Vowels are not the only sounds that go through changes in the Ozarks. Consonants undergo their own transformations. When a d comes at the end of a word, and is proceeded by an l or n, then it is usually dropped. In this case, cold becomes kOH:l, and friend becomes friUHn (169). The d sound also has a tendency to change into t after words like spilled (spi:uhlt), and learned (lAArnt) (169). A prefix of h is usually added to it and aint to produce hi:t and hAYn:t (170). When a vowel plus n, follows a t, then a short glottal stop replaces the t. The word cotton would sound like kAW/n (172). When TH is unstressed, then it may be dropped in adverbs, nouns, and conjunctions. The phrase like this may sound like lAH:k is; bigger than him might be heard as bi:gERn hiUHm (173). A z sound is given to certain words. Examples of this trend are found in backwards (bAi:kERdz) and noway (nOH:wAy:z) (173).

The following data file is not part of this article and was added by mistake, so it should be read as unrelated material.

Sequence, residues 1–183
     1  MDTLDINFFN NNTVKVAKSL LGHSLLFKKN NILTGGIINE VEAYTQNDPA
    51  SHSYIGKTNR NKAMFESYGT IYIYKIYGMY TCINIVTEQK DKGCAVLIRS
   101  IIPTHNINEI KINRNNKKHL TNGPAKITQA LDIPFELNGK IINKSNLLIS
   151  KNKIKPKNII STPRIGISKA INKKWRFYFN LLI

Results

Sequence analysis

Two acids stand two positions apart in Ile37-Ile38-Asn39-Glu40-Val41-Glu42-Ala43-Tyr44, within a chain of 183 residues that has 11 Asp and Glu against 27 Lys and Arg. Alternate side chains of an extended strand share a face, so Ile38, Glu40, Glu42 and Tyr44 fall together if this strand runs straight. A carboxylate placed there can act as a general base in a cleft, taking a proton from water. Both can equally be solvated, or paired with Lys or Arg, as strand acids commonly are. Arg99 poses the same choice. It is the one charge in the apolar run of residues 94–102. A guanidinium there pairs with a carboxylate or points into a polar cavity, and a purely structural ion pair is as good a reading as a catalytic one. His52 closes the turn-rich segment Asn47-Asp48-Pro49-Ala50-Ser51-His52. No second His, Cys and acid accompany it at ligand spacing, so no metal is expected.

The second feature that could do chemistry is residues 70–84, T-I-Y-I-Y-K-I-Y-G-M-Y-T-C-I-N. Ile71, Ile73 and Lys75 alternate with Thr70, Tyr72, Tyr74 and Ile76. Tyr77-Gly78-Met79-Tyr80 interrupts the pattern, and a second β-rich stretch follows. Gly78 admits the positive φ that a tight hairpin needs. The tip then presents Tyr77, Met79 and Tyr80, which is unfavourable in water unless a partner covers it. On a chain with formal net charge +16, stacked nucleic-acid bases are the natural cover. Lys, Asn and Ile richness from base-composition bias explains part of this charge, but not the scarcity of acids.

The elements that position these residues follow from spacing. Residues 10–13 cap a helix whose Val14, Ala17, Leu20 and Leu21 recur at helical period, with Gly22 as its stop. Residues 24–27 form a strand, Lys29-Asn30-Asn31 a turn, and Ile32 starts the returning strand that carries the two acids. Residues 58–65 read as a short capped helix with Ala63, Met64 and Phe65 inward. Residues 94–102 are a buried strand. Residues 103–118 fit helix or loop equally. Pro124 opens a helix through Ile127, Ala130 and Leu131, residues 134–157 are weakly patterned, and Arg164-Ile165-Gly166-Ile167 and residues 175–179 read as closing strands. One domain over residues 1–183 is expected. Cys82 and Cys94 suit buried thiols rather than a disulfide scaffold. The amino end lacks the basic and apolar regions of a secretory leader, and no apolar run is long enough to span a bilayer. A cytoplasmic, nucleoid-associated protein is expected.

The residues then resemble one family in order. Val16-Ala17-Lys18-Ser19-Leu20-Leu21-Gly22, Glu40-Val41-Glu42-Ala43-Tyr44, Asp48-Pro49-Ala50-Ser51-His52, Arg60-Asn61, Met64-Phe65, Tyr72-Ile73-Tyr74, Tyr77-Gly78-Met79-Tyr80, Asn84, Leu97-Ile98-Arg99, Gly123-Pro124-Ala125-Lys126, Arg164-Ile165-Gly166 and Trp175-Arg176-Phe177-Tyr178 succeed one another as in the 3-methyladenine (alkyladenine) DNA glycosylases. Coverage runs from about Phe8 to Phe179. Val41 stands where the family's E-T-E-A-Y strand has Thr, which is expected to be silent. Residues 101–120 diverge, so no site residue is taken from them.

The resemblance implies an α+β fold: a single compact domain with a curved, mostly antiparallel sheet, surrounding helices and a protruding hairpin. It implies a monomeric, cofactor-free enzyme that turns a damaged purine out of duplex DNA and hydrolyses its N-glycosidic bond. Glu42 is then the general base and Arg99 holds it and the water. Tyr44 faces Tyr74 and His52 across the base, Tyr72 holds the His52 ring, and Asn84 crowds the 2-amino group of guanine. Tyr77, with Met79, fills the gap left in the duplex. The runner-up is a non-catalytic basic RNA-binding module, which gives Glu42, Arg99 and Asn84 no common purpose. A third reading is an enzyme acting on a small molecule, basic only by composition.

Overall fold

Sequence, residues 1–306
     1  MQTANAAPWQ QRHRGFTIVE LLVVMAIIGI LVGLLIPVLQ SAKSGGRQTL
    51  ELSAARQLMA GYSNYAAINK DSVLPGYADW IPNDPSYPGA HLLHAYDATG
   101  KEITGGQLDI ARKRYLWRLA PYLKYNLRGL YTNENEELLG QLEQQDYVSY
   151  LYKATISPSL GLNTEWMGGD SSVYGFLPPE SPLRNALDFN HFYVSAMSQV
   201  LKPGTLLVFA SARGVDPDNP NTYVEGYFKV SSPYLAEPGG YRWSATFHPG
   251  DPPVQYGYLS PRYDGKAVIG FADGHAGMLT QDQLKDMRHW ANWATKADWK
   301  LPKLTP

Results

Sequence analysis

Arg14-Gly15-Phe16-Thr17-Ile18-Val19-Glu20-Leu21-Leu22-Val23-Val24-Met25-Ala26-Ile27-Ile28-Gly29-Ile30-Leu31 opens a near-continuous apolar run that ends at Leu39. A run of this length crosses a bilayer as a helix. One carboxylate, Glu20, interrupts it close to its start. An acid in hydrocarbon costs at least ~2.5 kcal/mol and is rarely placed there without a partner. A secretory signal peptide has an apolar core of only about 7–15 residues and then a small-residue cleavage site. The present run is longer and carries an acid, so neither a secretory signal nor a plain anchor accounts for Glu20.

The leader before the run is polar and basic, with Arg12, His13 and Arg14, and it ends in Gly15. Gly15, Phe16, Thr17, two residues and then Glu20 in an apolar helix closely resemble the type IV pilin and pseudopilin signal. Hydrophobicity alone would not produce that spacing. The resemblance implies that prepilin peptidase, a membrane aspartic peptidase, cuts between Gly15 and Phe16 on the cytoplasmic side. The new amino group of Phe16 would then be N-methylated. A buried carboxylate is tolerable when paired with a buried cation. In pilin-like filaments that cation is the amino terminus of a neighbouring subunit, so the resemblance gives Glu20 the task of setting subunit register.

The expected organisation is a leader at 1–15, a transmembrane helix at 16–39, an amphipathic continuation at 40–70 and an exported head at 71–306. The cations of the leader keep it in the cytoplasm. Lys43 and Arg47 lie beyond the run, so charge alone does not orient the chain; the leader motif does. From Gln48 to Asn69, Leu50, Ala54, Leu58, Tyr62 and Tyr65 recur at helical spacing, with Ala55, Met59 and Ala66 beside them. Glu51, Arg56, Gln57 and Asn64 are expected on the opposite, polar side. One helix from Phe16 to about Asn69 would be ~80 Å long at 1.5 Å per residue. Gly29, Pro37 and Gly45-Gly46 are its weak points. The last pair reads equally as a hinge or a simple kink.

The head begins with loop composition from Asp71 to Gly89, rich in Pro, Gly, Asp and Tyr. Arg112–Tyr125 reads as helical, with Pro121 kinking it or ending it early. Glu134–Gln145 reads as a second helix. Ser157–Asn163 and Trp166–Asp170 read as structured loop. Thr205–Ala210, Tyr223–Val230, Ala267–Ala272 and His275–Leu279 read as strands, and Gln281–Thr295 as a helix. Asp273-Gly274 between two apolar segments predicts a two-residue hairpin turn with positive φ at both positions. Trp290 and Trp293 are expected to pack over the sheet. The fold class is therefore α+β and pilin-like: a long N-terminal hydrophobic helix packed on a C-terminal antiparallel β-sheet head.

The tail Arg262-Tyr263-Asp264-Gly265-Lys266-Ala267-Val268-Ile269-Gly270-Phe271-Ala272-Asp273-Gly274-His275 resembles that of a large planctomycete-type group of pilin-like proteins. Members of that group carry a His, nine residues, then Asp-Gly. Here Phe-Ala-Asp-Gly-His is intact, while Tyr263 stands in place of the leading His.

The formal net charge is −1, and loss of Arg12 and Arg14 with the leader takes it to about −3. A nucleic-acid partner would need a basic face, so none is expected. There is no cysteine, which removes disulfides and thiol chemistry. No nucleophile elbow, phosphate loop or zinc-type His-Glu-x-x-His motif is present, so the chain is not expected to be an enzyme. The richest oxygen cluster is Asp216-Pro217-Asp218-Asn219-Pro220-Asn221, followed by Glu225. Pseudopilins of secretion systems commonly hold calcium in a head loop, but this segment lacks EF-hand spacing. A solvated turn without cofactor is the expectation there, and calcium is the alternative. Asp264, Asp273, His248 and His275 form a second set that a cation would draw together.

The phonological differences between the Ozark dialect and the general-English dialect are too many to list in a short paper. The most common are listed in the preceding paragraphs. Though these sound differences are very important parts of the Ozark language, they are not the only characteristics that make the dialect so unique. The morphology of the words is also an interesting subject to examine. Randolph and Wilson say, one thing that impresses casual furiners is the hillmans confusion in the tense on verbs (37). Preterit tenses often create new words such as clumb for climbed, div for dive, drug for dragged, het for heated, snuck for sneaked, and skun for skinned (37). Often, the preterit for write is used for the past participle, as in the sentence, He has wrote a letter to his brother. Randolph and Wilson say, In general, the tendency is to break down all distinction between preterits and past participles in irregular verbs, and when the two forms differ they are often used interchangeably (40). With this statement, they provided a list of words, including broke and broke for break, heerd and heerd for hear, squoze and squoze for squeeze, and throwed and throwed for throw. One of the favorite Ozark preterit words of discussion is et for eat. Hey maw, wheres the cheese? John et if yesterday. One of the most well known of Ozarkian words is aint, the contraction for am not. I can remember times in which my grandparents, parents, and even I have used the word reckon to mean wonder. An example would be, Reckon that fella will make it over that fence? Reckon is also used as suppose. My grandfather would say, I reckon ole Tom needs a warshin. Instead of rather, someone from the Ozarks might say, Id ruther go a fishin than a schoolin. The plural form of you is you-uns or yall. Each of these words is a contraction for you all. The suffix est is often added to words to describe the extent to which a person does something. Fighten-est, askin-est, prayin-est, and yellin-est are a small number of examples of words that highlanders use to describe people.